Recap of the Seventh Ignition Test of the AIS-ILIS1 Ionic Liquid Electrospray Thruster

posted in: Uncategorized | 0

Last night I ran the 7th ignition test of the ILIS1 electrospray thruster. It was a long battle with low emission, but finally, right at the end, I cranked the thruster up to 5.8kV, achieving 40uA of emission, giving me 3uN of thrust – the highest output yet by a factor of 10!

The major modifications for this test included adding a shield electrode to cover the exposed surface of the porous glass emitter disc to attempt to mitigate liquid creep between the disc surface and the extractor plate.

The next major change was implementing a slightly thicker extractor plate. Here we can see the V7 ILIS1 fully assembled, cleaned, and ready to go for testing!

AIS-ILIS1 Ionic Liquid Ion Source Electrospray Thruster V7

Here we can see video of the thruster firing in its peak emission mode, delivering 40uA of beam current for an estimated thrust of about 3uN. At the end of the video, you can actually see shorting failure of the thruster.

The thruster operated very stably in this peak emission mode for several minutes before shorting failure occurs, which appears at the end of the video between the emitter and extractor. Here we can see a capture of the plume at max output, focused mainly on one area of the ridge.

AIS-ILIS1 Ionic Liquid Electrospray Thruster Ignition Test 7 Ion Beam Emission - 40uA, 3uN

For most of the duration of the test prior, emission again appeared to be more multisite and better spread across the extractor, which can be seen in this picture at very low beam outputs. However, emission is far too low here in this mode.

AIS-ILIS1 Ionic Liquid Electrospray Thruster Ignition Test 7 Ion Beam Emission - Multisite Emission

The thruster was operated in bipolar and monopolar modes. However, like prior testing, it was very apparent that the negative emission was severely reduced compared to the positive emission, and not as stable. This has implications going forward on my next development phase.

For peak operation at +5.8kV in monopolar mode, if we assume ideal PIR emission with 50/50 monomers/dimers, and a beam of just +EMI species, along with factoring 50% losses due to polydispersivity, this gives a rough estimated ISP of around 4500-4600s.

Although a short run with peak beam this test has many exciting breakthroughs. The biggest is thrust – 40uA emission is a major milestone, with 3uN of associated thrust from other key macro-ILIS thrusters in literature. This is far higher than prior tests and puts me on the board.

The next breakthrough is verifying that the shield electrode allowed me to operate at even higher output. Looking at the video, I don’t think failure was liquid creep, but rather liquid bridging, which shows the new design changes helped a ton mitigating the creep issue.

Finally the thruster operated at its highest voltages ever with no issue. The board was originally designed for only 3.5kV, but the unloaded Pico supplies can put out far more, and ran at this very high overvoltage without any issue. No electronics failures yet with the V6 PCB!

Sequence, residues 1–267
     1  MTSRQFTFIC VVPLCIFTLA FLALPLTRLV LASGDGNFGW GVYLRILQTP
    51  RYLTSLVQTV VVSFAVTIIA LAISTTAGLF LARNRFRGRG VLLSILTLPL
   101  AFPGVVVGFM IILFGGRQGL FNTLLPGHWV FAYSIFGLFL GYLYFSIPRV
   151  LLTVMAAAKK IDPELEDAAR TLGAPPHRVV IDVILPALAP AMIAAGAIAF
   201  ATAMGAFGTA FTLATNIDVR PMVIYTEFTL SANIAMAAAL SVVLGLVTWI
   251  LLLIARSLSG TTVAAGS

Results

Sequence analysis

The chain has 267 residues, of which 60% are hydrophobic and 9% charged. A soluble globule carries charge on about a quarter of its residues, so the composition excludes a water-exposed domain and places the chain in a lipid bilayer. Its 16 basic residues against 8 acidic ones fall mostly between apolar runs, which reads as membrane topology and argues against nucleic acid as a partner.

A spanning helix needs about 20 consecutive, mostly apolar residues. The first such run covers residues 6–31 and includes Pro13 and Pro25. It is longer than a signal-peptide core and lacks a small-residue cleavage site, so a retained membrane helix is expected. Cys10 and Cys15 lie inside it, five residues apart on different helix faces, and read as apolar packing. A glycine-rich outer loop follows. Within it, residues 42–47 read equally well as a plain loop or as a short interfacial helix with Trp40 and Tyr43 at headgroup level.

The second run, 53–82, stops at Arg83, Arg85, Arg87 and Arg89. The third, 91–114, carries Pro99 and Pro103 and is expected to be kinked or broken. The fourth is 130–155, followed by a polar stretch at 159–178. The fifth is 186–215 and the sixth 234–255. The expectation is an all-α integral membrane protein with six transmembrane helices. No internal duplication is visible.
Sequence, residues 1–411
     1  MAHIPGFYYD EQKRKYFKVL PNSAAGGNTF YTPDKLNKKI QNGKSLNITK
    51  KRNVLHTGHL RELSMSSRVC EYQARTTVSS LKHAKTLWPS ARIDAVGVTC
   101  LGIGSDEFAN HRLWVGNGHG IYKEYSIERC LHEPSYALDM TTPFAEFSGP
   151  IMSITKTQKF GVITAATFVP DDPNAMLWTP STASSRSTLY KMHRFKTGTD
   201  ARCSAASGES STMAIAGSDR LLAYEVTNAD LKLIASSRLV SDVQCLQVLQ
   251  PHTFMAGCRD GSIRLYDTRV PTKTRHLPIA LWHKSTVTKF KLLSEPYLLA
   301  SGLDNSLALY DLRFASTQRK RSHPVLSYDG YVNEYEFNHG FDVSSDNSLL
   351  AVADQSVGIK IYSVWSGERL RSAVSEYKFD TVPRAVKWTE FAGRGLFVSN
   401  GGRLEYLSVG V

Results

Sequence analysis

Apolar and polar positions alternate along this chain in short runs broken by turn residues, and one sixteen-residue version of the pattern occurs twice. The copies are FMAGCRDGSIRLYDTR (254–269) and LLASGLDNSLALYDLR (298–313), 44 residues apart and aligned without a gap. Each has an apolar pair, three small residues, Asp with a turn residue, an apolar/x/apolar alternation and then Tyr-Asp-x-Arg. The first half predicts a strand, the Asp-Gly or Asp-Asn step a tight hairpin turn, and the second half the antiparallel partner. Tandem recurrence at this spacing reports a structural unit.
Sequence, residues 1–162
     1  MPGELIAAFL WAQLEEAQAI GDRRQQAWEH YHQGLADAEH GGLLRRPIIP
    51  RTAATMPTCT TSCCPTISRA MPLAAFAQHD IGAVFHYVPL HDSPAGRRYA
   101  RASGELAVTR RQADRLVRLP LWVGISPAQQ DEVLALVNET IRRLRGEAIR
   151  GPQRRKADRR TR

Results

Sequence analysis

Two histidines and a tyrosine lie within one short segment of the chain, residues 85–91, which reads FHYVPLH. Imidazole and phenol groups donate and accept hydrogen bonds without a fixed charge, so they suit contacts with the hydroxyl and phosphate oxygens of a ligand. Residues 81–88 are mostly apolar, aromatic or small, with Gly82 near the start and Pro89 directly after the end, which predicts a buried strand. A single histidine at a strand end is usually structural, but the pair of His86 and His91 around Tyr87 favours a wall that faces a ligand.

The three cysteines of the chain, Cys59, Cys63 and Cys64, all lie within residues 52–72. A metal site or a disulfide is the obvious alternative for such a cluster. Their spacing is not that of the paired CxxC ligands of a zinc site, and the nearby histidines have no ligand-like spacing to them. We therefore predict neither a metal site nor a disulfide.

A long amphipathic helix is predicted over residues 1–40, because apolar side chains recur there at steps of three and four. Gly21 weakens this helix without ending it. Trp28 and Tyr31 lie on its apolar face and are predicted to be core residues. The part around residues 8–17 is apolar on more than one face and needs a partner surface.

The single biggest takeaway from this test is that I am 100% positive now that my prior low emissions have been purely due to low field strengths. My emitter is just too blunt, and with a sharper emitter and more field gradient, I can actually achieve some serious thrust.

Moving forward, there are some key things to test. The big one is the emitter – I need a sharper emitter. While I sort out what to do for the next iteration, I will take one of my current ridge emitters and manually grind it to a spike and use a circular aperture extractor.

Next, due to changes of the negative emission, I will begin exploring using a conventional neutralizer and operating the thruster in positive monopolar mode. Since thrust/power is so high, I have a lot more room to work with a low-power neutralizer. I may be able to utilize a thermionic emitter at very low power and still keep within my power budget for a PQ thruster, employing multiple redundant filaments onboard. I will be therefore working on a new electronics package to accommodate this change and several new features. Interestingly, while ILIS is almost exclusively aimed at bipolar operation, apparently you can run in monopolar mode with a neutralizer. Just recently I found out that the new Busek BET-300-P is in fact a macro-ILIS multi-ridge thruster that operates monopolar with a neutralizer!

In addition to experimenting with neutralizers, I will also be looking at biased extractors. For bipolar operation, the extractor is grounded. However, in monopolar mode, I can actually bias this negative to achieve larger field gradient as well as play with output beam focusing. I thought this would be the last test for the ILIS1, however it looks like there is a ton of new stuff to explore! The next developments will include:

  • new thruster board for monopolar mode, control, and neutralizer
  • manually mod emitter to spikes
  • negative biased extractor

This test has renewed my confidence in this development, bringing me much closer to my goal. I definitely think it is within reach now to achieve my target specs and eventually bring the AIS-ILIS series thrusters to life as low-cost electrospray for PQs and Cubesats!